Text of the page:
Identifying modifiable determinants of fat mass and muscle strength in older adults is important given their impact on physical functioning and health. Light intensity physical activity and sedentary behavior are potential determinants, but their relations to these outcomes are poorly understood. We evaluated associations of light intensity physical activity and sedentary time-assessed both objectively and by self-report-with body mass index (BMI) and grip strength in a large sample of older adults.We used cross-sectional baseline data from 1130 participants of the Lifestyle Interventions and Independence for Elders (LIFE) study, a community-dwelling sample of relatively sedentary older adults (70-89 years) at heightened risk of mobility disability. Time spent sedentary and in light intensity activity were assessed using an accelerometer worn for 3-7 days (Actigraph GT3X) and by self-report. Associations between these exposures and measured BMI and grip strength were evaluated using linear regression.Greater time spent in light intensity activity and lower sedentary times were both associated with lower BMI. This was evident using objective measures of lower-light intensity, and both objective and self-reported measures of higher-light intensity activity. Time spent watching television was positively associated with BMI, while reading and computer use were not. Greater time spent in higher but not lower intensities of light activity (assessed objectively) was associated with greater grip strength in men but not women, while neither objectively assessed nor self-reported sedentary time was associated with grip strength.In this cross-sectional study, greater time spent in light intensity activity and lower sedentary times were associated with lower BMI. These results are consistent with the hypothesis that replacing sedentary activities with light intensity activities could lead to lower BMI levels and obesity prevalence among the population of older adults. However, longitudinal and experimental studies are needed to strengthen causal inferences.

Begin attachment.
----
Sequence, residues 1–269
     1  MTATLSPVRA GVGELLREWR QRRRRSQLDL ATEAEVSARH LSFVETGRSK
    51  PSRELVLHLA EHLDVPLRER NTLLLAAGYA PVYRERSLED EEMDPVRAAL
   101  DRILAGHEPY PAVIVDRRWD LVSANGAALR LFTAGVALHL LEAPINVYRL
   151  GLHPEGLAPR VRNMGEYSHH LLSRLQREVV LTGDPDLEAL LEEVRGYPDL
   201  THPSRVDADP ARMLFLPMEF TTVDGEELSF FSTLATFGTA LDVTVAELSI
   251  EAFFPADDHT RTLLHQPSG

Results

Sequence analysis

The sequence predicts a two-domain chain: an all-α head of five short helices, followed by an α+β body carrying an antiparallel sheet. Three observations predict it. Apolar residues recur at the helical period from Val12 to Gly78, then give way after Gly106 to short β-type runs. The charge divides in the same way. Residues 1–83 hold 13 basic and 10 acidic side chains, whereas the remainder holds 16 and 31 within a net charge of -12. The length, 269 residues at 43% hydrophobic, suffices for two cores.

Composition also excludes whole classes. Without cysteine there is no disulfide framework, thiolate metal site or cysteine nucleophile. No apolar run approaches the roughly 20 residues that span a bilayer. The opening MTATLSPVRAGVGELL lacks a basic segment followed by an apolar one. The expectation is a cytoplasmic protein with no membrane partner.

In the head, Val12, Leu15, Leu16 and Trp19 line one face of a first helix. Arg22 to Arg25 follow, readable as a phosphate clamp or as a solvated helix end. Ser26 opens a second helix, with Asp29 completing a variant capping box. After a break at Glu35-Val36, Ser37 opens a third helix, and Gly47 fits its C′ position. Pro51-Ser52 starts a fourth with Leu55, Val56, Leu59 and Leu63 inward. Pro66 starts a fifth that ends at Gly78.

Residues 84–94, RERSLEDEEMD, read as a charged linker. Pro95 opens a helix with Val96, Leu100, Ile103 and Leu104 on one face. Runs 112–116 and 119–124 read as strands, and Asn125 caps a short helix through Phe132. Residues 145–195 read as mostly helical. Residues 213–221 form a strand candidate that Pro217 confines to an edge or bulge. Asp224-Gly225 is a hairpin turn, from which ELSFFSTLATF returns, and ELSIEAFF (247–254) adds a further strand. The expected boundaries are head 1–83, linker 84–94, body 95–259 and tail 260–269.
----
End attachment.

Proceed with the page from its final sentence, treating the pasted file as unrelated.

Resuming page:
View details for DOI 10.1371/journal.pone.0116058

    View details for Web of Science ID 000348822600018

    View details for PubMedID 25647685

  • Prevalence of Metabolic Syndrome and Its Association with Physical Capacity, Disability, and Self-Rated Health in Lifestyle Interventions and Independence for Elders Study Participants JOURNAL OF THE AMERICAN GERIATRICS SOCIETY Botoseneanu, A., Ambrosius, W. T., Beavers, D. P., De Rekeneire, N., Anton, S., Church, T., Folta, S. C., Goodpaster, B. H., King, A. C., Nicklas, B. J., Spring, B., Wang, X., Gill, T. M. 2015; 63 (2): 222-232